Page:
About 17 percent fewer U.S. babies were born early in the past year, due to better obstetric care

About 17 percent fewer U.S. babies were born early in the past year, the result of improved obstetric care, reduced newborn mortality and greater availability of high-risk-prepared pregnant women, according to a report released Monday by the March of Dimes.

The rate of early births also declined in 2017 compared with the previous year.

The March of Dimes is best known for its dramatic “safe haven” baby campaign, which last month had its first major television advertisement. The campaign featured the story of a boy named Genesis who was born on the side of a road near Flint, Mich., and quickly saved by the quick actions of an emergency medical worker.

But in its most recent report, the March of Dimes went a step further by suggesting ways to reduce the prevalence of preterm births in the U.S. The message was clear: babies who are born preterm are at risk for heart and respiratory problems, neurological deficiencies and hearing and vision loss. Babies born at or before 37 weeks gestation also are at a higher risk of death.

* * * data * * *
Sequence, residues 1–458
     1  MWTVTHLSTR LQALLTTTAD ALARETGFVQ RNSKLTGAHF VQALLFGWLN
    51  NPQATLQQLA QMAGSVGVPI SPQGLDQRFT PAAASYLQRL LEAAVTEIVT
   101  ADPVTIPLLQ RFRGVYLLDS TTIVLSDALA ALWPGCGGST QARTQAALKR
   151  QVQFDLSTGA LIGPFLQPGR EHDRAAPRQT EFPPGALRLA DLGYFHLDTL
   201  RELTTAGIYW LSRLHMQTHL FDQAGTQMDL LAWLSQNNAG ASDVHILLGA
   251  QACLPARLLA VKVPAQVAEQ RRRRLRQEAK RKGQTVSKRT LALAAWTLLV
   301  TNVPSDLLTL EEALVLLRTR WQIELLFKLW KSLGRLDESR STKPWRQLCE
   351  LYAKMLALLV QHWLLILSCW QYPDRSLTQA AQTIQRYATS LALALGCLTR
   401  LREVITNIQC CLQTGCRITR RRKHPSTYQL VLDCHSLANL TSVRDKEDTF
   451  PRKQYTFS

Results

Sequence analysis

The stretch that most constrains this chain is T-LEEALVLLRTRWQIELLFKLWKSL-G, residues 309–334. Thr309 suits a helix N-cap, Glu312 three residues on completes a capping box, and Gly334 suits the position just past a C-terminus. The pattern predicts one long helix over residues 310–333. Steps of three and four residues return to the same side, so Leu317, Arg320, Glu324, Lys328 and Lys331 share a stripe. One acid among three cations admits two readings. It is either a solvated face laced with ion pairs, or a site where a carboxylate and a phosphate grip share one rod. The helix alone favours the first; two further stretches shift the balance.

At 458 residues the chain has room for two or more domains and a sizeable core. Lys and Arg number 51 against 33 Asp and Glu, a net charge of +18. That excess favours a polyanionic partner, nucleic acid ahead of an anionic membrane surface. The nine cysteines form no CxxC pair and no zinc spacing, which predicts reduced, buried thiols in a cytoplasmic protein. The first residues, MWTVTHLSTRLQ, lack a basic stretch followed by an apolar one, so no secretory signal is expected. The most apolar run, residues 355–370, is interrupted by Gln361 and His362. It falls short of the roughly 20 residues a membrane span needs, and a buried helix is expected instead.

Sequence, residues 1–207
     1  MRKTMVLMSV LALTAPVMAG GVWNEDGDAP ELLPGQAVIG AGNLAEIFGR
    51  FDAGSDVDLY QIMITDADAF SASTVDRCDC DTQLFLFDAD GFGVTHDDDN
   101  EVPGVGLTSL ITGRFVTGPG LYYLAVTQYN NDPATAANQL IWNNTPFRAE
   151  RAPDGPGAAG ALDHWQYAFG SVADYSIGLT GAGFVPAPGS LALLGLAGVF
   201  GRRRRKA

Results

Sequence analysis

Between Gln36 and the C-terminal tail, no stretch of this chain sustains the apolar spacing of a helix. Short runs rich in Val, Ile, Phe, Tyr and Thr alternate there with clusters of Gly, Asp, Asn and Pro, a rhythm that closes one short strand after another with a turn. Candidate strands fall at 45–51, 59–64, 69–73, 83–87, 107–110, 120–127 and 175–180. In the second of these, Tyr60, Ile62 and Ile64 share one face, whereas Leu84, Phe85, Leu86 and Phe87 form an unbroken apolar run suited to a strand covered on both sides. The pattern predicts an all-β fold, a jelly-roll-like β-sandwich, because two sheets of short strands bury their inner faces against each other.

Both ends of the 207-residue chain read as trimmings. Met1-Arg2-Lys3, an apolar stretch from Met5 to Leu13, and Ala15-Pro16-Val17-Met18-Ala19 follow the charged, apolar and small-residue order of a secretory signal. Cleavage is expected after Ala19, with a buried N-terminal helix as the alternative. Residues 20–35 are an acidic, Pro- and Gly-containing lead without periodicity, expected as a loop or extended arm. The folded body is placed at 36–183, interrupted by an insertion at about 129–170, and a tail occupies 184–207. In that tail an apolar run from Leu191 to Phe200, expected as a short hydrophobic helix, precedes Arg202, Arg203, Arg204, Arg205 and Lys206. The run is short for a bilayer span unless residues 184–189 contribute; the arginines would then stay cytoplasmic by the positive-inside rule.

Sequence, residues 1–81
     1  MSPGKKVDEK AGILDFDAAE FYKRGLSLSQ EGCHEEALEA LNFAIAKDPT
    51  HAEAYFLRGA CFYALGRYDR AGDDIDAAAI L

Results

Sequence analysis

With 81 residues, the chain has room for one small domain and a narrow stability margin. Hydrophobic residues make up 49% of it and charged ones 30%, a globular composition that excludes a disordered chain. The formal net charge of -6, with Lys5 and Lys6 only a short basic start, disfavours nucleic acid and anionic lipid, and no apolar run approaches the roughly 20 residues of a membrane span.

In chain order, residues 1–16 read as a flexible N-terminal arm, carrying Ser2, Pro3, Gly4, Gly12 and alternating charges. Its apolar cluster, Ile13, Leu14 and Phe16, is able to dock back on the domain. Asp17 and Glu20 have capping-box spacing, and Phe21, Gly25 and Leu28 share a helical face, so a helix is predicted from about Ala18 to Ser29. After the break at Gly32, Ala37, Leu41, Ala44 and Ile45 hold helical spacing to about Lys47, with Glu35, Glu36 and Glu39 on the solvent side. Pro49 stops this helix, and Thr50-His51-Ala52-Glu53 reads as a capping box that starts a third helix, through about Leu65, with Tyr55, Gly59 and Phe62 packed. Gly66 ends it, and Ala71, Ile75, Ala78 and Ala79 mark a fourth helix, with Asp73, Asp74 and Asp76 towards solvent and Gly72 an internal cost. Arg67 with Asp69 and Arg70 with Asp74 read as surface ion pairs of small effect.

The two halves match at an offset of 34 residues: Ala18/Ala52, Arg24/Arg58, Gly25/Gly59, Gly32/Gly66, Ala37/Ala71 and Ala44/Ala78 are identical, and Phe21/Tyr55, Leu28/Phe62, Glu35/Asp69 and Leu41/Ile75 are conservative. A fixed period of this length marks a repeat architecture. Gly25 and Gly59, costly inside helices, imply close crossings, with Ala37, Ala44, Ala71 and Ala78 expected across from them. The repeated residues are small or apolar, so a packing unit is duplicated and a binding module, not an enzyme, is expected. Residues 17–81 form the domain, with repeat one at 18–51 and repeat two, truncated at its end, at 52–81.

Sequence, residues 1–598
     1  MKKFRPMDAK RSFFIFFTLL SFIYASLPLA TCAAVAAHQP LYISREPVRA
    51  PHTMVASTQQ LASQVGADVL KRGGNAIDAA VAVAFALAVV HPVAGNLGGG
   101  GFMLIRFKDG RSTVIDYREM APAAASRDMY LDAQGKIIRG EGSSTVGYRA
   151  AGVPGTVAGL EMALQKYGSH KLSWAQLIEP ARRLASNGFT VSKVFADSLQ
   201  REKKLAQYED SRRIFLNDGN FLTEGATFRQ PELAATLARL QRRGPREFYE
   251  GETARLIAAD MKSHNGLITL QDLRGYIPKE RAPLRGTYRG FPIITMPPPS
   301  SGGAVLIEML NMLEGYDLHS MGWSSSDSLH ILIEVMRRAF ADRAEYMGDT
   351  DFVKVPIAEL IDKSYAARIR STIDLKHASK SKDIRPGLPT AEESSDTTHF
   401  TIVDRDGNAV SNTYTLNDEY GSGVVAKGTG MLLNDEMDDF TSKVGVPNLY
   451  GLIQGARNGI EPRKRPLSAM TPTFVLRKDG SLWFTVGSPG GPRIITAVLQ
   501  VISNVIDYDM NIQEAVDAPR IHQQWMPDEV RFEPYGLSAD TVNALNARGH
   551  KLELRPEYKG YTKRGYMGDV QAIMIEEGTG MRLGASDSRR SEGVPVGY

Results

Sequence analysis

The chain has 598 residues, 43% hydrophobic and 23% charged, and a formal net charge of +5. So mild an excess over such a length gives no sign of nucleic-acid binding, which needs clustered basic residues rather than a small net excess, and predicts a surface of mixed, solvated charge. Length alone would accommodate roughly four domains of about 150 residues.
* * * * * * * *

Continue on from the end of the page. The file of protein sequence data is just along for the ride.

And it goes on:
“Early babies face overwhelming challenges and deserve a better chance to thrive,” said Francesco Rossi, president of the March of Dimes. “Preterm births are a preventable condition, and we must improve women’s access to quality care and ensure they can better balance work and care.”

An estimated 50,000 babies are born too soon in the U.S. each year, the March of Dimes reports.

Other reasons behind the decline in early births include more people delaying pregnancies and avoiding elective abortions, the March of Dimes says. In 2016, women aged 15 to 44 years were not more likely to give birth in the early part of their pregnancy than women in the age range 20 to 44, according to federal data.

Leave a Comment